NSW pushes for 30% reduction in workplace fatalities

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New South Wales has revised its targets and commits to reduce work-related fatalities by 30 per cent, and injuries and illnesses by 50 per cent within five years.

Minister for Better Regulation Matt Kean explained, “Even one death or injury is one too many, and that’s why we are refreshing the roadmap.”

In 2016-17, nearly 33,000 serious injury and illnesses claims were made with one week or more time lost from work in NSW, excluding fatalities.

This was achieved despite exceeding the national targets during the first year of the Berejiklian Government: workplace-related fatalities have fallen by about 28 per cent, and serious injury and illnesses by 25 per cent.

But state targets have been set higher to reduce fatalities and serious injuries further.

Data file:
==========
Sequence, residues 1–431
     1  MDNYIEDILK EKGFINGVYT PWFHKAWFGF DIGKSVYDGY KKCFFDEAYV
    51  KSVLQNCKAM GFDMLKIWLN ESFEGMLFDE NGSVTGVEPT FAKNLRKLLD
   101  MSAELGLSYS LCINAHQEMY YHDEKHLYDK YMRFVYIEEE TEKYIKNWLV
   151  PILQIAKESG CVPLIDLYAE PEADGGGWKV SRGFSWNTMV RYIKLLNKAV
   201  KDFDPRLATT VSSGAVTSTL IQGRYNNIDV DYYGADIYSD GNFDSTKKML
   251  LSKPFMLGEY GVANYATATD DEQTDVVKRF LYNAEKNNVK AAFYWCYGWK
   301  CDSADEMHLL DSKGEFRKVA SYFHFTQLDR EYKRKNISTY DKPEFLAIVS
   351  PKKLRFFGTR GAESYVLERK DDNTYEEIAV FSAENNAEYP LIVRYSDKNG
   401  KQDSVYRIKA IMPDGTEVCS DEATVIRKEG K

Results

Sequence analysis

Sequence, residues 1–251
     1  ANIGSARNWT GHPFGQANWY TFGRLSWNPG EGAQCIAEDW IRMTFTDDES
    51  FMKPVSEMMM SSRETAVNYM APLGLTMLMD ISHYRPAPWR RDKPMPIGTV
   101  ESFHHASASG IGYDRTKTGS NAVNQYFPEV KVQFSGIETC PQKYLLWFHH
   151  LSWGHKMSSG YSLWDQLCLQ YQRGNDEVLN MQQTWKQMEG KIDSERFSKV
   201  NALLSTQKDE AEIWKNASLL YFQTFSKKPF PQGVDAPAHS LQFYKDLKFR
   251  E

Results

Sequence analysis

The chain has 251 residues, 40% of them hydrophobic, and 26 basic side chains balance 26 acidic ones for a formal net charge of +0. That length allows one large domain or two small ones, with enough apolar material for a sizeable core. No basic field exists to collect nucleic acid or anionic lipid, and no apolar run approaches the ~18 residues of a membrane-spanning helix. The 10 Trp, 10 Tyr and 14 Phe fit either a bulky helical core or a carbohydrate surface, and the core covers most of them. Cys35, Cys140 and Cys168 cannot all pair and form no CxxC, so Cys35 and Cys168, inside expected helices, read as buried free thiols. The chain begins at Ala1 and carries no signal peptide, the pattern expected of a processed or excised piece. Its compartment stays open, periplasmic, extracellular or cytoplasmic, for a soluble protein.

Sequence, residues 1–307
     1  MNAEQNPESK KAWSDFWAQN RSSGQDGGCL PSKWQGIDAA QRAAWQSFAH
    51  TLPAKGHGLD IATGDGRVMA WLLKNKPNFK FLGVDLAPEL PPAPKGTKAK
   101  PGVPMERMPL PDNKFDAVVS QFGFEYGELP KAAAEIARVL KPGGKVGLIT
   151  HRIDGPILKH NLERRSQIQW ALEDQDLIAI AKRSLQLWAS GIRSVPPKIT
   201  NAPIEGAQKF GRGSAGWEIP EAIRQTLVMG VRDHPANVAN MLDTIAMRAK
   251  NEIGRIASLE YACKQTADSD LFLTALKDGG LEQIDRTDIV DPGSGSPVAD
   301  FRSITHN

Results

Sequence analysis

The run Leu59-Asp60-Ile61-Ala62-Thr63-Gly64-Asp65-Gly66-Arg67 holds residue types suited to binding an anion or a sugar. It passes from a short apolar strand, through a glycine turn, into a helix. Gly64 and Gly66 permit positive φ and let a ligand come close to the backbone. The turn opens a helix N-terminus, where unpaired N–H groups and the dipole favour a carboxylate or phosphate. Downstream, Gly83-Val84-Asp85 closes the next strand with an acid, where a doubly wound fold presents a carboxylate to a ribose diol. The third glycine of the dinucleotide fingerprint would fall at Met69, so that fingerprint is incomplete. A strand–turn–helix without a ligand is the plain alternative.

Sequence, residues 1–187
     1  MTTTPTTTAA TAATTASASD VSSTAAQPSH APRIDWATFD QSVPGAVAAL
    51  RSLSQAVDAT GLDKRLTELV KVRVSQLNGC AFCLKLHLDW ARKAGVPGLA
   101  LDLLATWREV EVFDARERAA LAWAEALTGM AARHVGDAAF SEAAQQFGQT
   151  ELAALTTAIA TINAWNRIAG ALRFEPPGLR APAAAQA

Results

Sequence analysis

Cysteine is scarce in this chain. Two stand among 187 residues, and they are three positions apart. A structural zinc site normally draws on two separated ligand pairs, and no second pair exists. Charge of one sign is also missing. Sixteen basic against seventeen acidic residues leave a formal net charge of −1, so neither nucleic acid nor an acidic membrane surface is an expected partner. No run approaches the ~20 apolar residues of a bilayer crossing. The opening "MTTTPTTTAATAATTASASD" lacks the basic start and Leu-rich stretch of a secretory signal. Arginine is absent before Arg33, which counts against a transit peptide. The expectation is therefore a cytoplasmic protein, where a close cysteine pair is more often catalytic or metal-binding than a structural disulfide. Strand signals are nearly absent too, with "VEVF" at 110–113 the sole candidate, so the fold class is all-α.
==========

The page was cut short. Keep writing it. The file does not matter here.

“This isn’t just about numbers. This is about people – and we’re doing everything we can to ensure they return home to their families after work each day,” Kean said.

Kean referred to the Liberal National Government’s initiatives as “the most ambitious in Australia” in improving the state-wide statistics.

By 2022, the state aims to collaborate with industries and workers to address the impact of falls from heights, forklifts and poorly guarded machinery; reduce workers’ exposure to priority hazardous chemicals and materials by 30 per cent; and ensure high-risk workplaces meet compliance standards, among other key areas.

Some of the initiatives that have already been launched include a $55 million ‘mentally healthy workplaces strategy’, a $3.7 million increase in funding to the ‘quad bike safety program’ and a $3.2 million workplace safety awareness campaign and laws enhancement around working with hazardous chemicals.

Kean said, “We have the programs and resources in place to continue the good progress we’ve already made, and to reach these targets.

“I am confident that with the support of business, industry and workers, and with this refreshed roadmap, we can do even more to improve safety in the workplace.”